Cover image for Academic libraries as high-tech gateways : a guide to design & space decisions
Academic libraries as high-tech gateways : a guide to design & space decisions
Bazillion, Richard J., 1943-
Second edition.
Publication Information:
Chicago : American Library Association, [2001]

Physical Description:
xi, 250 pages : illustrations ; 26 cm
Added Author:
Format :


Call Number
Material Type
Home Location
Central Library Z679.2.U54 B39 2001 Adult Non-Fiction Non-Fiction Area

On Order



This completely updated new edition is packed with photographs, bibliographies, and practical, hands-on tools that will guide you through the process of planning and building an academic library space for the future.

Reviews 1

Library Journal Review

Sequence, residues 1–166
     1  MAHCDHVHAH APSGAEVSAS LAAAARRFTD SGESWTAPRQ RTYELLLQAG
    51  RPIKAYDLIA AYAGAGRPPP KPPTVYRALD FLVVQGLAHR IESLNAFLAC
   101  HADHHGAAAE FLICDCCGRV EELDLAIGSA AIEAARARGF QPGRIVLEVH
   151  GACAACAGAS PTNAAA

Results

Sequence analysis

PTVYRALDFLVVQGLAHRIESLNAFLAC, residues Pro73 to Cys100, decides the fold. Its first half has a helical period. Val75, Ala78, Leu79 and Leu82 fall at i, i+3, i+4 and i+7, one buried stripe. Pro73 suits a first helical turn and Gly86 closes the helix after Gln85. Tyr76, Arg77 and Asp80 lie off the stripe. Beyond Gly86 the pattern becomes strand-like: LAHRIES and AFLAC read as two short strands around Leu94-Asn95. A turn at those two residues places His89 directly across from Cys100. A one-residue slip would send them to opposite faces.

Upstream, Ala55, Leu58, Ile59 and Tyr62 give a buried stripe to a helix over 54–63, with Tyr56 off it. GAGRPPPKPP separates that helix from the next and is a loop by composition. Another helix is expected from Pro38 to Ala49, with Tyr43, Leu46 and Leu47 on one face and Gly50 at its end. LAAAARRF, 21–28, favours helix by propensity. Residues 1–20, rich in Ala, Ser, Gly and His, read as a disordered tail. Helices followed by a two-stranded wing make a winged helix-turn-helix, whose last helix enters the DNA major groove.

In response to the changing nature of the university library, these two titles advocate the need for flexibility in library design. Academic Libraries as High-Tech Gateways provides a timely discussion on preparing for the library of the future and on the librarian's role in the teaching of electronic research skills. Librarians Bazillion and Braun predict that the future academic library will be centered around patrons who will bring their personal notebook computers into the library, requiring all study areas to be fully accessible to library and campus networks. Specific information is given on lighting, furniture, equipment, and interior design; numerous black-and-white photographs help illustrate design suggestions. The significant bibliography and the focus on the role of the computer in library planning make this volume valuable reading for any academic librarian. Planning Additions to Academic Library Buildings originated as a Library Administration and Management Association (LAMA) presentation at the American Library Association's 1993 annual conference. This volume provides brief information on three academic libraries and their building additions. Each case study presents a short history of the individual library's need to expand library space, basic floor plans of the new design, and a brief discussion of a few of the problems encountered during the building process. For librarians actively involved in library construction plans, the most helpful section of this book may be the listing of librarians and architects who recently worked on building projects. Unfortunately, most of the information here is too case-specific or too brief to be of much help in the planning process.‘Tina Neville, Univ. of South Florida at St. Petersburg Lib. (c) Copyright 2010. Library Journals LLC, a wholly owned subsidiary of Media Source, Inc. No redistribution permitted.

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